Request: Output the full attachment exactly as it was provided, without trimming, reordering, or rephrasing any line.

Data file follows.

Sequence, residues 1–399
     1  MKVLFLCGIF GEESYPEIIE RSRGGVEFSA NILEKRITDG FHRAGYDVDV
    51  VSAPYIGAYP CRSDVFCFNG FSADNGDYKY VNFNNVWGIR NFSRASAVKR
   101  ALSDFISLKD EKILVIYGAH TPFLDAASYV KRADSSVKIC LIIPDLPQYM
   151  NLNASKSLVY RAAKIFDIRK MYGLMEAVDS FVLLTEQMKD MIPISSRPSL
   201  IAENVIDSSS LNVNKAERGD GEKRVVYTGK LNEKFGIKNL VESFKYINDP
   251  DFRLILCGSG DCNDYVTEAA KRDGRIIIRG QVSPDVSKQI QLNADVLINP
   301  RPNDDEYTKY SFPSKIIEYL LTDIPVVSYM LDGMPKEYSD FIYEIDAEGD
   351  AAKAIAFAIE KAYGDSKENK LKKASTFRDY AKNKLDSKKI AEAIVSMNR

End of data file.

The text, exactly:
Sequence, residues 1–399
     1  MKVLFLCGIF GEESYPEIIE RSRGGVEFSA NILEKRITDG FHRAGYDVDV
    51  VSAPYIGAYP CRSDVFCFNG FSADNGDYKY VNFNNVWGIR NFSRASAVKR
   101  ALSDFISLKD EKILVIYGAH TPFLDAASYV KRADSSVKIC LIIPDLPQYM
   151  NLNASKSLVY RAAKIFDIRK MYGLMEAVDS FVLLTEQMKD MIPISSRPSL
   201  IAENVIDSSS LNVNKAERGD GEKRVVYTGK LNEKFGIKNL VESFKYINDP
   251  DFRLILCGSG DCNDYVTEAA KRDGRIIIRG QVSPDVSKQI QLNADVLINP
   301  RPNDDEYTKY SFPSKIIEYL LTDIPVVSYM LDGMPKEYSD FIYEIDAEGD
   351  AAKAIAFAIE KAYGDSKENK LKKASTFRDY AKNKLDSKKI AEAIVSMNR